Using Ball Mills in the Energy Industry

Experimental studies on coals of different metamorphic grades and various fractional states were conducted in 2000 by the Institute of Thermal Physics of the Russian Academy of Sciences, at experimental thermal energy facilities. These showed that fine-ground coal, milled to a particle size of 15-30 microns, develops a highly reactive property that is analogous to fuel oil – to which it can become an alternative. The experimental facility was rated at up to 1000 kW, and equipped for use with ultra-fine ground coal (produced with an ultra-fine ball mill); burning (pre-furnace and furnace equipment); a plasma system and gas starter for ignition and supplementary firing; combustion control (an automated post for combustion control) and cleaning (a vortex scrubber). The results produced in these experiments can be used to establish the parameters needed in technological facilities for ignition systems and supplementary burning using coal-dust boilers – a replacement fuel for gas and fuel-oil boilers.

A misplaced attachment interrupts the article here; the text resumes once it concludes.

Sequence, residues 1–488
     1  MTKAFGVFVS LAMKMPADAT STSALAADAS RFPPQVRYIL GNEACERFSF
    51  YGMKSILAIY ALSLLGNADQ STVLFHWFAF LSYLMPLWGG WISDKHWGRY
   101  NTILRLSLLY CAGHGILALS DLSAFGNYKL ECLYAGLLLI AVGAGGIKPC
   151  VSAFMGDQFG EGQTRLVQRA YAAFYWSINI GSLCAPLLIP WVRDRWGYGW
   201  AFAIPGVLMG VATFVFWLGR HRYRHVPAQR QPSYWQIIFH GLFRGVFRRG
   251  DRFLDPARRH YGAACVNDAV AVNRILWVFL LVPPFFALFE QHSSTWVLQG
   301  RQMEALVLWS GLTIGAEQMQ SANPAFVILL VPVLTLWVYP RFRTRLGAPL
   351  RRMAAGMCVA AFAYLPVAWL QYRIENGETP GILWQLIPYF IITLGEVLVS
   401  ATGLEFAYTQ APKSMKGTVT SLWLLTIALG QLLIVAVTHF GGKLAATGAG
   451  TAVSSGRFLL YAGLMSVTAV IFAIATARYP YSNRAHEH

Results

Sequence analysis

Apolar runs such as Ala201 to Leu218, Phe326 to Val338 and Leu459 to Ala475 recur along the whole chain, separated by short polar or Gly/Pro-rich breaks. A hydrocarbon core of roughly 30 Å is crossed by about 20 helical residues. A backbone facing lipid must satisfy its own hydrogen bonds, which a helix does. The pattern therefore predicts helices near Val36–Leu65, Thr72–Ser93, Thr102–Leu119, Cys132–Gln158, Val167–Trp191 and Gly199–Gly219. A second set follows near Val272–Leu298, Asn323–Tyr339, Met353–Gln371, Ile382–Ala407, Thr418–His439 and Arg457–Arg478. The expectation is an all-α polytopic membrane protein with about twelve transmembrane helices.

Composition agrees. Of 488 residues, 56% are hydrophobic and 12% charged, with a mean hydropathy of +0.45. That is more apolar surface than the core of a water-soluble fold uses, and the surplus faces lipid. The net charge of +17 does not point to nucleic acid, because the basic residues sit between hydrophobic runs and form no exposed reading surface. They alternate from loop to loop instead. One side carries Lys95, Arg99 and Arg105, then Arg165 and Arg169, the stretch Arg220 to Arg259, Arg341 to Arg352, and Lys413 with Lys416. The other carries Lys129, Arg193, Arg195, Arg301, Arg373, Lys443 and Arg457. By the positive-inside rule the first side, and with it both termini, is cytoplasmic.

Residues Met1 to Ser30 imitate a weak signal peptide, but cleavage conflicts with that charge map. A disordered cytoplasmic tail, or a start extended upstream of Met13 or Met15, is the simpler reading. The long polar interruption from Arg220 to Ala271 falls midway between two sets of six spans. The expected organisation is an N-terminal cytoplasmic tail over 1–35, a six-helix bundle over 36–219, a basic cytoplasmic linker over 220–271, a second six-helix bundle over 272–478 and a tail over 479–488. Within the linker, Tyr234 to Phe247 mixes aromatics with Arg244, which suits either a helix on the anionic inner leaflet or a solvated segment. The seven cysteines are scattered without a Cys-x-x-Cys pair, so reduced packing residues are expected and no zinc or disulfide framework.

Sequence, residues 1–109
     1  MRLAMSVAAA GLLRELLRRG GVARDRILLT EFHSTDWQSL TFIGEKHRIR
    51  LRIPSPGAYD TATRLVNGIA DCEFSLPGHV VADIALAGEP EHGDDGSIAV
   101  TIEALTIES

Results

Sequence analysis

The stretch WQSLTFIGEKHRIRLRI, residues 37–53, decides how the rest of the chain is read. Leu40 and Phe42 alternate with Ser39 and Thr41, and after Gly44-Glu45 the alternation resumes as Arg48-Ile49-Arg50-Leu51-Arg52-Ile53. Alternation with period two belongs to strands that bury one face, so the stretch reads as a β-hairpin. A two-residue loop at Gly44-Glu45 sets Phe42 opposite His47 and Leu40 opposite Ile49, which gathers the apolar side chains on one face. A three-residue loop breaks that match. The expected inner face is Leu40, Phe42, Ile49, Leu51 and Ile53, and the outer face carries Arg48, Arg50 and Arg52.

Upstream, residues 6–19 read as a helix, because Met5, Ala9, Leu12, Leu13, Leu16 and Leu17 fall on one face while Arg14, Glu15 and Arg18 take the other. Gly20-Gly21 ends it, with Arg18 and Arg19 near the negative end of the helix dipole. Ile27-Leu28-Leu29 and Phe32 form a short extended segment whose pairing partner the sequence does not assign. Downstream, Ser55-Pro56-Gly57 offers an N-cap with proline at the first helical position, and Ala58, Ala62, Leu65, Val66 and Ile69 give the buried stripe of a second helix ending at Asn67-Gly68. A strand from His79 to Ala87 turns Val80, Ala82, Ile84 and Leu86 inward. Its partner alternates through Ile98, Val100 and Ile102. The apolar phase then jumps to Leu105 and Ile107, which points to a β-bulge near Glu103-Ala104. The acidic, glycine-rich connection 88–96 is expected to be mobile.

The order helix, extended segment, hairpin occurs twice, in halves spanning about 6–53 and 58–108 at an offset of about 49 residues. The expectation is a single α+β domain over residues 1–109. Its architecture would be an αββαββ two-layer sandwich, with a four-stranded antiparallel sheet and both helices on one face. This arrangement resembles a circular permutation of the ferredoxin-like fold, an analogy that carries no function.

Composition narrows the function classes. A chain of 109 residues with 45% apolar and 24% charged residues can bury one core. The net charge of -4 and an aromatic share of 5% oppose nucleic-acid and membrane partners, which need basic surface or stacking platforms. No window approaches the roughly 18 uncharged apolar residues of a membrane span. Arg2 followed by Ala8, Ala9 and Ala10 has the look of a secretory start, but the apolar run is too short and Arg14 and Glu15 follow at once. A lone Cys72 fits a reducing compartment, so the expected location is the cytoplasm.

The conclusions from these theoretical and experimental studies pointed to the technical and economic viability of using ultra-fine ground coal as a new oil-free technology for the ignition and stabilisation of combustion in coil-fired boilers at power plants, in addition to the ability to replace liquid fuels in boilers.